“Location, location, location,” is the well-known adage that underlines investing in real estate. And that’s because buyers need to protect their investment after making such a large outlay of funds.
But when building an investment portfolio, perhaps “diversification” is the watchword to emphasize. Why? Because it’s one of the best-known ways to reduce your financial risk and enhance wealth.
There are many paths to diversification, but savvy investors are increasingly considering a managed account to achieve this. Commodity futures trading can bring financial stability, along with enhanced returns, to a well-managed portfolio. Investors must, of course, carefully evaluate their financial position and talk to their financial advisor before making major decisions on investment allocations.
Diversifying a portfolio dominated by traditional investment vehicles such as stocks and bonds can be a smart, defensive move. And being defensive is vital with today’s rapid globalization of financial markets — with all the benefits and uncertainties that brings.
What Are Managed Futures?
This practice is a three-decade-old sector that involves investing in pools headed by a specialist known as a Commodity Trading Advisor. A CTA, which can be an individual or a firm, is required to register with the federal Commodity Futures Trading Commission.
With such a program, an investor can defer to an experienced trading advisor to diversify into the world of futures, such as stock indices, debt instruments, currencies, energy, metals and agriculture commodities.
“It’s one of the best product lines no one knows about,” said Ken Packard, Chief Sales and Marketing Officer at Daniels Trading.Packard said deploying 5 to 20 percent of your portfolio into a managed account may smooth out your equity value curve and “can actually enhance your returns.”
Another reason to consider this strategy is to realize returns in any kind of economic environment, whether bull or bear. “Managed Futures may do well in down markets because they employ short-selling and options strategies that allow them to profit in such markets,” according to a backgrounder produced by the CME Group.
CTAs can range the world for returns by accessing more 150 liquid futures products internationally. All the trades are undertaken on regulated futures exchanges, however.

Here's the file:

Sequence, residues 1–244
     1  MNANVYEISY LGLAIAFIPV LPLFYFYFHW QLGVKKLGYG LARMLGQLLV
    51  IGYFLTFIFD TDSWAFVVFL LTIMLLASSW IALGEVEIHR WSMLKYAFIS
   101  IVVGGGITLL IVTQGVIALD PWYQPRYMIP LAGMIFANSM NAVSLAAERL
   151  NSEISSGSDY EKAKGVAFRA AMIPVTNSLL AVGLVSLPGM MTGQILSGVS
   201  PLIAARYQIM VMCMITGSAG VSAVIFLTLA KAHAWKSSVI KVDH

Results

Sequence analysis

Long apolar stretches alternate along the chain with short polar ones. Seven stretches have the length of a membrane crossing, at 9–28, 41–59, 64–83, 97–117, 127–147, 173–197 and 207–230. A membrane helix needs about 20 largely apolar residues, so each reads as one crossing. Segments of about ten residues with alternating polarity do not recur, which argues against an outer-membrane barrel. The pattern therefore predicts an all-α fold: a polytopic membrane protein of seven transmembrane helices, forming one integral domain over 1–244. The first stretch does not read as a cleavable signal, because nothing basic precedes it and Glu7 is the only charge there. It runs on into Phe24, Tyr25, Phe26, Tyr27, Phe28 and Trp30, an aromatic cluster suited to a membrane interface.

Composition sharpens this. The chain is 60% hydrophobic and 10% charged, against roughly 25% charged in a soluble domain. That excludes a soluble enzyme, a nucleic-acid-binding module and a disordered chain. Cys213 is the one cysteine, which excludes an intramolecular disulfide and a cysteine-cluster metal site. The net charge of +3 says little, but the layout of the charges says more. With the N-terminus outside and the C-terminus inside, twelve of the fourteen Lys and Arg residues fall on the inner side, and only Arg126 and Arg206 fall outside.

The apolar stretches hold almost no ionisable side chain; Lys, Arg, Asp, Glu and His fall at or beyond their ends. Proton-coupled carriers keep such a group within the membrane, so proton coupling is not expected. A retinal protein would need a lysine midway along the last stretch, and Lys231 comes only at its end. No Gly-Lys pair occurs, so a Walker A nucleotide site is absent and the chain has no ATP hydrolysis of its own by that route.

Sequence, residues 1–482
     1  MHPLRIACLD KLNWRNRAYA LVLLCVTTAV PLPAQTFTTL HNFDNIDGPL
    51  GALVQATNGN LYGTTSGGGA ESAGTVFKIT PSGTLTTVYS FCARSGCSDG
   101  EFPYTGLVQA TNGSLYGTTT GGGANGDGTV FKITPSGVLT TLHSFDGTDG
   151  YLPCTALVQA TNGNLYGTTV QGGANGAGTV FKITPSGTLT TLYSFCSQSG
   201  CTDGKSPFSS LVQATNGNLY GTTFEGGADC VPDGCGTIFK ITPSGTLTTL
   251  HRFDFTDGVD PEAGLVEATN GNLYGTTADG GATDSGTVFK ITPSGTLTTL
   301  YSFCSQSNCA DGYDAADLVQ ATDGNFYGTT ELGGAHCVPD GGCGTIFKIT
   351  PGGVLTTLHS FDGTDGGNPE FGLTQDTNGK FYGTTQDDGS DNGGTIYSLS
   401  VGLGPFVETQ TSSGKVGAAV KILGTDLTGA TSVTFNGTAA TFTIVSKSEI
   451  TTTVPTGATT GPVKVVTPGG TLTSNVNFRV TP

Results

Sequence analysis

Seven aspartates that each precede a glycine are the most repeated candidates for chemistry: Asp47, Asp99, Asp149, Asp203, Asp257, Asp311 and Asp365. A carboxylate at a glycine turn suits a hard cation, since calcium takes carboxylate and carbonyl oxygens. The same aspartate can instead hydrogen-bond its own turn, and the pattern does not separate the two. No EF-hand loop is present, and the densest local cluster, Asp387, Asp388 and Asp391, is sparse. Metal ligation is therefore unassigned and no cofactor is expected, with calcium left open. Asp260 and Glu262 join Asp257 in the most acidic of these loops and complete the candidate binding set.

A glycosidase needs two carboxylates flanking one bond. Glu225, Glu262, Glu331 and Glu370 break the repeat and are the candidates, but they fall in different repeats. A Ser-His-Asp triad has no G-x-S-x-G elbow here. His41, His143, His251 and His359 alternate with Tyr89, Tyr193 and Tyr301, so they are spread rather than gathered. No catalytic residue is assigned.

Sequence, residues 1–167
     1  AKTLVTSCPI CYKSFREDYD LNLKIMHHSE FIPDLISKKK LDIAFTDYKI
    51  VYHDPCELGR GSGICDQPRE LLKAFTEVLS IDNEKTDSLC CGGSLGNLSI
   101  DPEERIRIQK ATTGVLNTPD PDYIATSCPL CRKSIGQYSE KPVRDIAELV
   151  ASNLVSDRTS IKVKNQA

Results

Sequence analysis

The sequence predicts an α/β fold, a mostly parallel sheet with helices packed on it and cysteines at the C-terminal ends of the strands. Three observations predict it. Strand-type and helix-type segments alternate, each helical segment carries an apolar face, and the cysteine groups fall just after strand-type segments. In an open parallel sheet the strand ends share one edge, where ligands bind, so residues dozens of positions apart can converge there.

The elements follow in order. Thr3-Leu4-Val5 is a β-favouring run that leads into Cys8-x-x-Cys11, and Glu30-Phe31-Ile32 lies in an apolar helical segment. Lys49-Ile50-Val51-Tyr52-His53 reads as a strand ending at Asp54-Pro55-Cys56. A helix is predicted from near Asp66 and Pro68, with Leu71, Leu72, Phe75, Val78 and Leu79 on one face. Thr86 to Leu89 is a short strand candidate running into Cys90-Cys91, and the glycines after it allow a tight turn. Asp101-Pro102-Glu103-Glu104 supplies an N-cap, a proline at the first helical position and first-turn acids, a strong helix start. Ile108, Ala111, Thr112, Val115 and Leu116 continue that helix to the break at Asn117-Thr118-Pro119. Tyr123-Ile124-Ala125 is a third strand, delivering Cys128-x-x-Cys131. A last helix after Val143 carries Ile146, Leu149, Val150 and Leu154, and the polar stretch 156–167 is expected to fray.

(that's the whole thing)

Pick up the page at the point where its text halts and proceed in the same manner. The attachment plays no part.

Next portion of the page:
This strategy does have a solid academic underpinning. Dr. John Lintner, a Harvard professor, delivered a seminal paper on the subject at a conference in Toronto in 1983 that found traditional portfolios were all the stronger by adding managed accounts into their holdings.
The CME recently released its own paper that concluded that the Harvard professor’s theories have stood the test of time. “It is remarkable just how solid his argument has remained over the past 25 years,” the paper stated. In fact, Managed Futures was one of the bright spots during the financial meltdown in 2008, according to the CME paper.
There are financial risks to commodity futures trading, just like there are with any investment. The CFTC mandates that risk-disclosure statements must be provided to potential customers, and these need to be carefully reviewed by the investor.
It’s important to know that a fund’s past performance is no guarantor of future results. Nevertheless, an investor should only choose a fund manager with a proven track record. An investor should also examine a fund’s so-called peak to valley drawdown. In other words, an investor should study a big loss and how long it takes for the fund to recoup the loss.
A final note, management fees in the sector tend to be higher than in equity markets.
In summary, this strategy may well have a place in a well-managed and diversified portfolio. A futures specialist at Daniel’s Trading can take you on a guided tour if you would like to learn more about initiating a Managed Futures program.